On Dutch Fanta

I have been wanting to try Dutch Fanta for at least a decade, maybe longer. For a while, it was my Holy Grail of beverages. On Friday in Amsterdam, I finally had the chance to drink from the aluminium chalice of Holland’s version of the Coca-Cola company’s primary orange soda product. In ~21 hours in Amsterdam (not 24, thanks to the aforementioned delayed flight), I tried it maybe six or seven times. What follows is my review.

My taste for European Fanta probably started when I was fiveish and my family went to visit my grandparents in Ireland. I vividly remember receiving an orange soda from an Aer Lingus flight attendant and experiencing an almost spiritual ecstasy on its account. It was an incredible soda. I liked orange soda – Minute Maid and the like – at home but this was better. In my then-limited flying experience, orange soda was never on planes’ menus; here was the best one I’d ever tasted being served on a Transatlantic journey. The next year, I went to Ireland again, and I drank the really good orange soda again. It was still really good. I’m not sure when I retained the name of the soda – maybe that trip, maybe during another visit to Westport or Ennis or Dublin in the next few years – but once I did, I spent all following years trying to recapture the pure bliss of those first experiences with orange soda, done properly.

When I finally retained the name, I screwed up said retention and confused Fanta for Faygo. This confusion led to some Insane Clown Posse-esque Faygo swilling (I didn’t spray it, I don’t think) and intense disappoint at Faygo not tasting like my memories of the really good orange soda from Ireland tasted. Of course, I eventually realized that Faygo was not the same thing as Fanta, and started trying American Fantas. Again, disappointment poured from orange cans and orange-labelled clear bottles. Did I remember the flavor incorrectly? Were my powerful, emotion-laden memories somehow skewed by the disorienting effects of sleep deprivation and exhausting travel on a confusable child? Had I built up this soda so much in my mind that it stood no chance of living up to my unrealistic expectations?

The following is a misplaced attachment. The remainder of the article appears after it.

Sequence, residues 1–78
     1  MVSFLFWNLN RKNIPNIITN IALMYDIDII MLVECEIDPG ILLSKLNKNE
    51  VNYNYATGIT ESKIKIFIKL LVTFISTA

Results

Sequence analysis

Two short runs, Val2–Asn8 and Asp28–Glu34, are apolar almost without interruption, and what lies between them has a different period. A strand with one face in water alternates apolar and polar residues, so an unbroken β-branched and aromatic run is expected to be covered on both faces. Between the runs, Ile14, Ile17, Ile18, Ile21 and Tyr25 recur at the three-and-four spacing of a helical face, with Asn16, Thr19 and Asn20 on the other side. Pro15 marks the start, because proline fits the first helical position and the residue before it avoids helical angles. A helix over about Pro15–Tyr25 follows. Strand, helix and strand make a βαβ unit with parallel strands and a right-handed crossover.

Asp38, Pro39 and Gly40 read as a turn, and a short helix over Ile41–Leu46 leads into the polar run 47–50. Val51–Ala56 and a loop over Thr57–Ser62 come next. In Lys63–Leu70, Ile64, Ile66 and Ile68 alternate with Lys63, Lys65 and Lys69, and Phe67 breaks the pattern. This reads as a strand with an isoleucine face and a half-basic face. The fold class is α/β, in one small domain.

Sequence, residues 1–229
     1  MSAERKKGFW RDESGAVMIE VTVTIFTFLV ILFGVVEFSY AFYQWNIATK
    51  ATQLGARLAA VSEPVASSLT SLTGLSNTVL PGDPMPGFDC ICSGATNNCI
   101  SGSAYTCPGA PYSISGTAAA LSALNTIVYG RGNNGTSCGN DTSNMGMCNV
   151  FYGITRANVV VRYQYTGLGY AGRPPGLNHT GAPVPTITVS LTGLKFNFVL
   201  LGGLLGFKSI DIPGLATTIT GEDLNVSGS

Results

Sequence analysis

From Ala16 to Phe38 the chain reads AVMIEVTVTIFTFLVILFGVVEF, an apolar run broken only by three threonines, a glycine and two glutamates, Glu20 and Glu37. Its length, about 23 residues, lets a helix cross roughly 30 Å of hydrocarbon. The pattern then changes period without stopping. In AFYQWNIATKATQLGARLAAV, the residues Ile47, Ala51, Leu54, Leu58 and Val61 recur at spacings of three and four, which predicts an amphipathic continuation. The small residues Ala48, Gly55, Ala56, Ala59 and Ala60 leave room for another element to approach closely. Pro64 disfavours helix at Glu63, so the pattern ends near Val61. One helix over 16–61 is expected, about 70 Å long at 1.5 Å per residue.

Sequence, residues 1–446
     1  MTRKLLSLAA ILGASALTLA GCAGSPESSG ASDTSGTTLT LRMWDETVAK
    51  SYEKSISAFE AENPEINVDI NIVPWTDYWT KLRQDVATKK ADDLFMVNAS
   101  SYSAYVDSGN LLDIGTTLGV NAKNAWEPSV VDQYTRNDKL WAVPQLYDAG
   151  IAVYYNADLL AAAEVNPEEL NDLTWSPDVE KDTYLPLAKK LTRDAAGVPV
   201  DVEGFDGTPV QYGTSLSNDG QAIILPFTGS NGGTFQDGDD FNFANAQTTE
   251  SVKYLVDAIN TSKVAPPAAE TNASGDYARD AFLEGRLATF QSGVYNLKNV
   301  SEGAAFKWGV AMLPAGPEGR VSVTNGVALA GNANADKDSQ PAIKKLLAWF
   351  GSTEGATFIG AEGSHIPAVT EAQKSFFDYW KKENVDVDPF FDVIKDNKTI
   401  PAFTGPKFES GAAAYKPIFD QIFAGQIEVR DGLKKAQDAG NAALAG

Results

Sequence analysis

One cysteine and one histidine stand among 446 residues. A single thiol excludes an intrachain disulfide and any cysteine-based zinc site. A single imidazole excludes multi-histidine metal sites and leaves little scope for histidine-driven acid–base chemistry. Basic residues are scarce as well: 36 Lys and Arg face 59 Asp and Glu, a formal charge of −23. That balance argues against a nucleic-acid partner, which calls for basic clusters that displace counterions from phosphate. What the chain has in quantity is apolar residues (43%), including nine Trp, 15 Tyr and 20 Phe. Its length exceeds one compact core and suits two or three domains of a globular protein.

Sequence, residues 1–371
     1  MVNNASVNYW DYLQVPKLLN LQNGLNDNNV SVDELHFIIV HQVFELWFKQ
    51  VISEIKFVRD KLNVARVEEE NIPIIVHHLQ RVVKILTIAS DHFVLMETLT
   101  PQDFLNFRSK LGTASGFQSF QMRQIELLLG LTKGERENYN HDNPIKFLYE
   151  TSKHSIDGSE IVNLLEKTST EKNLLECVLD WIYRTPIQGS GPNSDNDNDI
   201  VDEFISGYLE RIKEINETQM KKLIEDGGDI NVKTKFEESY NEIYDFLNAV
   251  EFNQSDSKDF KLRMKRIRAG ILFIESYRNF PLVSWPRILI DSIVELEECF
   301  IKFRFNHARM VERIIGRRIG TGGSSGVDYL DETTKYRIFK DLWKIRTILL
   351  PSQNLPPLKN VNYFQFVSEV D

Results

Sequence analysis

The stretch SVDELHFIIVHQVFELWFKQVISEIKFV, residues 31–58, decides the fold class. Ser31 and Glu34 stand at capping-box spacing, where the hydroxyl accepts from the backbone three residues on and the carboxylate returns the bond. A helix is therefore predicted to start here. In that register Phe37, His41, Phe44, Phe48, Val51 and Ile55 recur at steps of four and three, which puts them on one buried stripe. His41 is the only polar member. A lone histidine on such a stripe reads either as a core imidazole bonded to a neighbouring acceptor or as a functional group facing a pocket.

By the time I was a pre-teen or early teenager, I had figured out what I liked so much about Irish Fanta – and UK Fanta and Spanish Fanta, once I had the opportunity to discover and overindulge on those nations’ Fanta offerings: It is made with real orange juice. The same goes for Club Orange (and Lemon, etc.), which I think is a sort of generic Irish orange soda. In this case, generic soda isn’t worse than brand name: Club Orange has real orange bits! It even says so on the can. Once I became cognizant of the superiority of European Fanta, (and stopped lamenting the loss of Sprite Remix, which formed a different chapter in my soda drinking story; I ceased any efforts to track down remaining cans of a discontinued soda sub-brand), I became singularly fixated on obtaining Fanta, from Europe. There are plenty of other sites that explain at length the reasons for the “same” soda being better in one place than another, so I won’t get into that here. Suffice it to say that multinational drinks conglomerates work with local bottlers to produce their drinks in each country, and the local bottlers use their own recipes and ingredients. “Bottling” really describes the creation processes from ~start to finish. While researching this process from the computer lab at Marshall Middle School, I found an internet consensus that, of the good Fantas, Dutch was the best. So, from about ages thirteen to twenty-five, I pined after Dutch Fanta.